The Government like to boast that increases to school funding, “restores 2010 levels of per pupil funding in real terms and provides an average cash increase for every pupil of more than £1,000 by 2024-25, compared to 2021-22.”[1] However, as the Institute for Fiscal Studies (IFS) have pointed out, “no net growth in school spending per pupil over a 14-year period still represents a significant squeeze on school resources”[2] This analysis seeks to quantify that squeeze on resources for mainstream state schools that educate the vast majority of the nation’s children.

We have looked at mainstream schools’ core funding and then used schools’ costs to adjust funding into real terms.

During the Coalition Government, there was an increase in the spending power of mainstream schools. The two significant factors were the introduction of the Pupil Premium which increased funding by £2.2bn a year and the three-year staff pay freeze, which held down schools’ costs.

At the 2015 Spending Review, George Osborne took three measures that sharply squeezed schools’ spending power. First, he increased school funding in line with inflation but ignored the large rise in the number of pupils. Second, he abolished the Education Services Grant cutting £1bn from school funding. Finally, he did not compensate schools for the significant increase in employers’ National Insurance contributions that he had created by removing the contracting out rebate.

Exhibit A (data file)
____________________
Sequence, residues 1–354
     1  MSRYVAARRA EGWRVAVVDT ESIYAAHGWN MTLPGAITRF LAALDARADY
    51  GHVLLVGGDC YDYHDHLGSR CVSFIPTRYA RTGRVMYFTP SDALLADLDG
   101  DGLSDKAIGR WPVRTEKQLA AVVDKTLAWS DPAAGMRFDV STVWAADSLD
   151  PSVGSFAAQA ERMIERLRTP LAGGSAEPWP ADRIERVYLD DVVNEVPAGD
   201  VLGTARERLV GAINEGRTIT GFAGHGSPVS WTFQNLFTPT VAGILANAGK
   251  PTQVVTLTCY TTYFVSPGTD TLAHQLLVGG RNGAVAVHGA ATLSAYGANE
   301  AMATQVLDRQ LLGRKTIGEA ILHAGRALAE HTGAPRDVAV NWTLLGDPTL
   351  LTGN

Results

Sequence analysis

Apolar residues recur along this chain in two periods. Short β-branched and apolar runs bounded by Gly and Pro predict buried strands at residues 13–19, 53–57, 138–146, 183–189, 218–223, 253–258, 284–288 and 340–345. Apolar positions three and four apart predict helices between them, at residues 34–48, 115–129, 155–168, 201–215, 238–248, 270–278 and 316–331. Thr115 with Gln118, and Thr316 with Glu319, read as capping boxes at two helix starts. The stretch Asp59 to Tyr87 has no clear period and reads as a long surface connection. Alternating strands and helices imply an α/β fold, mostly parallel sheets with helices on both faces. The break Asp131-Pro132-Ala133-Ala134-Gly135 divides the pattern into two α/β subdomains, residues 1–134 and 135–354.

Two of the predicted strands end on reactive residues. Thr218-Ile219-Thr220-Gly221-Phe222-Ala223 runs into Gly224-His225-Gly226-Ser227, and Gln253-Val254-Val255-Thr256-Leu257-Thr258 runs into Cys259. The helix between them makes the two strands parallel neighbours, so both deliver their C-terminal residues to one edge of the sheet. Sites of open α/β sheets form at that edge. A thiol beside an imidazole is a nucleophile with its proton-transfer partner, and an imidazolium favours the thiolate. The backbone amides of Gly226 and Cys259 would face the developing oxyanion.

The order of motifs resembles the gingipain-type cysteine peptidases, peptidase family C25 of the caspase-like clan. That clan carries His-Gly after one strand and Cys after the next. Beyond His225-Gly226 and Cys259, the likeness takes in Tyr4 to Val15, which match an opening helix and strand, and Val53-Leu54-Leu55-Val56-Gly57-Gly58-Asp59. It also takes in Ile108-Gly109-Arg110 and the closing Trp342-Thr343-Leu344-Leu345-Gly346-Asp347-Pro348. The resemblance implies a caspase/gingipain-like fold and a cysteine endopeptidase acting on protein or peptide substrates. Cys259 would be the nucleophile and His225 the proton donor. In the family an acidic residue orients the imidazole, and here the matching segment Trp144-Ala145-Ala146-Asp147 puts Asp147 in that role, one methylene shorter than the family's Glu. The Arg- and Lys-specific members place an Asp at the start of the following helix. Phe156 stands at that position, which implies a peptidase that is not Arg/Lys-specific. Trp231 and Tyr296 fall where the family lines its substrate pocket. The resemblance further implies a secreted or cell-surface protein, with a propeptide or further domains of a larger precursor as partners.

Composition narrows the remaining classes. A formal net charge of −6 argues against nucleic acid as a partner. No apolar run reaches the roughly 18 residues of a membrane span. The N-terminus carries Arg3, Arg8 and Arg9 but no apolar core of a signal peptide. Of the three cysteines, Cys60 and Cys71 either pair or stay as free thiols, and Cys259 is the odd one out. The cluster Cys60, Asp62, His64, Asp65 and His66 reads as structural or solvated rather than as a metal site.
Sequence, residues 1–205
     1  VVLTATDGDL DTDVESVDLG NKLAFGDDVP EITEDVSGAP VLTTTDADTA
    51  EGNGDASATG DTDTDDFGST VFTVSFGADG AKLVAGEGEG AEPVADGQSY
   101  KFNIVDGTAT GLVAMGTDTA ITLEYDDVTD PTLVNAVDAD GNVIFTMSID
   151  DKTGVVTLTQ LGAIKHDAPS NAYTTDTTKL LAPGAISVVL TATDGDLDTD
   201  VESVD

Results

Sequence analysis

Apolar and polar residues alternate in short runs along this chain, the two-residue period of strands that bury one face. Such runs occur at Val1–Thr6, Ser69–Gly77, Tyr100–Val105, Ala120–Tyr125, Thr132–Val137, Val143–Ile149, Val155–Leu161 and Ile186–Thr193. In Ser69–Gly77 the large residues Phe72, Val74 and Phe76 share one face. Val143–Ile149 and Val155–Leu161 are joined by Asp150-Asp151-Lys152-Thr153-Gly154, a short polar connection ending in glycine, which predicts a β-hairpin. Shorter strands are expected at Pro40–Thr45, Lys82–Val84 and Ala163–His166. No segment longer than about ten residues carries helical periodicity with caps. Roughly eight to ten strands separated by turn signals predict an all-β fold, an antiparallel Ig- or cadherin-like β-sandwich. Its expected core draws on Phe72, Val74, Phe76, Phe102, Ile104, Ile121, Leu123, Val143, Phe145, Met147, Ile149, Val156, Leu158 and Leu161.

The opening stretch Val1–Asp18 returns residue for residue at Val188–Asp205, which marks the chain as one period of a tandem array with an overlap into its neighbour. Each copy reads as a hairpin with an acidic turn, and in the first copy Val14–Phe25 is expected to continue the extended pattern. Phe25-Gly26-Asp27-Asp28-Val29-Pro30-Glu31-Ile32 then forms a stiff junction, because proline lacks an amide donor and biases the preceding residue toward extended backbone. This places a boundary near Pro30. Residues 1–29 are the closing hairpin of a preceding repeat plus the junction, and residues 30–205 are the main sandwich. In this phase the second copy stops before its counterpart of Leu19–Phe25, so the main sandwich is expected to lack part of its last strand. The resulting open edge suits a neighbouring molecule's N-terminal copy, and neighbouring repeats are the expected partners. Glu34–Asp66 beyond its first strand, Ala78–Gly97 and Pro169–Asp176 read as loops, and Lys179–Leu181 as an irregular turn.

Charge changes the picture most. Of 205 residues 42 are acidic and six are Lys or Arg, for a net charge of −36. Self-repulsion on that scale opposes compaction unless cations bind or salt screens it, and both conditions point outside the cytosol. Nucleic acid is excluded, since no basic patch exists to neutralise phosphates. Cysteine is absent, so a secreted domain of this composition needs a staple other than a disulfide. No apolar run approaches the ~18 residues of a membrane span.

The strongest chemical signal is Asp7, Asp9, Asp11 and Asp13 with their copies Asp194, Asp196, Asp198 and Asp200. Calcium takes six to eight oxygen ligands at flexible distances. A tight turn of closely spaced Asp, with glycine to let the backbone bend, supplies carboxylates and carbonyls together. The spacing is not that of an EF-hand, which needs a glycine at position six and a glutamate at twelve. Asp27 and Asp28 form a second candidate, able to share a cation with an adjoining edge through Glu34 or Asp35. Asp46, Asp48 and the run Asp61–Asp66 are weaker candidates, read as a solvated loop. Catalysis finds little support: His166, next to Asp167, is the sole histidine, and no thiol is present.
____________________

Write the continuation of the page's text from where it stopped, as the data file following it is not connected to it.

Following the 2017 General Election where school funding featured prominently[3], Justine Greening, then Secretary of State for Education, announced that the Government would maintain per pupil funding in real terms[4]. This slowed the decline in schools’ spending power; however, it did not arrest it completely because schools’ costs ran higher than the Government’s preferred measure of inflation.

From 2020, there were two years of real growth in school funding. This was the result of Boris Johnson’s increased investment announced at the end of August 2019[5]. However, the exceptional increase in inflation in 2022-23 resulted in real terms funding contracting again in both 2022-23 and 2023-24.

Mainstream schools’ core funding has fallen from £6,600 per pupil in 2010-11 (2023-24 prices) to £6,178 today. This is a reduction of 6 per cent, which is equivalent to a cut in school spending power of £3.2bn.

An Uneven Picture

The Government has changed funding mechanisms and funding streams since 2010-11 and consequently individual schools’ funding settlements vary significantly.

School Phase

The largest point of difference is school phase. This has primarily been caused by the introduction of the Pupil Premium, which was designed to give a greater amount of funding to primary schools – the rate per pupil is 40 per cent higher in primary schools and a greater proportion of pupils are eligible to receive it.

Primary school per pupil funding has fallen to an average of 4 per cent below 2010-2011 levels, while secondary school funding has fallen even further, to an average of 9% below 2010-11 levels.